Regular Joe is offline  
Old August 18, 2013, 11:19 PM   #22
FALPhil
Senior Member
 
Join Date: September 10, 2007
Location: Racoon City
Posts: 933
Joe, not true. Click on the link in my sig line.

SAAMI publishes an official warning concerning the 223 Rem/5.56 x 45 issue. 308 Win and 7.62x51 are listed as interchangeable by SAAMI.
__________________
_____________________________________________
Questions about 7.62 NATO and 308 Winchester? Click here.
FALPhil is offline  
Old August 18, 2013, 11:28 PM   #23
JohnKSa
Staff
 
Join Date: February 12, 2001
Location: DFW Area
Posts: 18,558
Quote:
Can anyone document a catastrophic weapon failure with shooting 5.56 in a 223 or 223 in a 5.56?
It's not likely to blow up a gun in working condition. The typical effect if the tolerances stack up the wrong way is blown/pierced primers.

Here's some more information...

March 2010 Guns & Ammo
State of the Art by Patrick Sweeney
“Some of you may not have heard: The .223 and the 5.56 are not the same. If you ever asked, there will be someone at the gun club who will discount that. “Why, I’ve shot lots of 5.56 ammo in my .223, and I haven’t had any problems.” Well, I’ve taught police classes for years now, and we see those problems frequently, most occurring in the summer.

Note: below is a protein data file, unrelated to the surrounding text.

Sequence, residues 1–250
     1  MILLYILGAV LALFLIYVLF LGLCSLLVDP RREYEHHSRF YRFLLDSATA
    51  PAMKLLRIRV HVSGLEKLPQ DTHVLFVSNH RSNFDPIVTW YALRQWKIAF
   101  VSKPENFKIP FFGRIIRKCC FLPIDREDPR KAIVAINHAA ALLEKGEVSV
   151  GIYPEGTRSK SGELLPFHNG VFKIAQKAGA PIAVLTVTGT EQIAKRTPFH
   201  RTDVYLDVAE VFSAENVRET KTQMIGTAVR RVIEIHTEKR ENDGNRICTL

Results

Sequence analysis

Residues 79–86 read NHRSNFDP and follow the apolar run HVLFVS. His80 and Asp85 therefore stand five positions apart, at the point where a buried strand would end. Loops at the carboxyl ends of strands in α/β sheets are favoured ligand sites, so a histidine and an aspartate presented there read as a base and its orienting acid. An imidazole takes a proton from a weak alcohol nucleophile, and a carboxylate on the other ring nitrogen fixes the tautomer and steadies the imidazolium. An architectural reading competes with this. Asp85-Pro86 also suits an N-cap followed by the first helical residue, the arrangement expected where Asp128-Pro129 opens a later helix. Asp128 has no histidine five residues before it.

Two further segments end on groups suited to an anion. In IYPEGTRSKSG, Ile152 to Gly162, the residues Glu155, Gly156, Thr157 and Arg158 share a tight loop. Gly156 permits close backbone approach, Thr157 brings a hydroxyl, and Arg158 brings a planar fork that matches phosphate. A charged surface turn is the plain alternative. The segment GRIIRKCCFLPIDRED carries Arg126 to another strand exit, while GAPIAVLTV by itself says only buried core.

Rifles with .223 Remington-dimensioned chambers suffer from increased pressure when using 5.56 mil-spec ammo, and we’ll get blown primers when the sun is baking down."
September 2010 Guns Magazine
Up On ARs (Understanding Chambers Let’s clear our throats) by Glen Zediker
(Summarized from a photo caption: If you load two rounds with identical 80 gr bullets, one to engage the lands on a NATO chamber and the other to engage the lands on a SAAMI minimum .223 Remington chamber the OAL of the two rounds will differ by more than 0.150”)

SAAMI commercial .223 Remington specs call for a considerably shorter leade than NATO specs. A shorter leade raises pressures. Compounding this, NATO-spec ammunition is nearly always loaded to higher pressures than commercial .223. Shooting 5.56mm mil-spec ammo in a SAAMI “minimum” .223 Remington chamber can increase chamber pressure 15,000 psi, or more. ... If loads were worked up in a rifle with a NATO chamber ... they will be over-pressure if used in a SAAMI chamber.
http://www.saami.org/Unsafe_Combinations.cfm
In Rifle Chambered For: ---- Do Not Use These Cartridges
223 Remington ---- 5.56mm Military, 222 Remington, 30 Carbine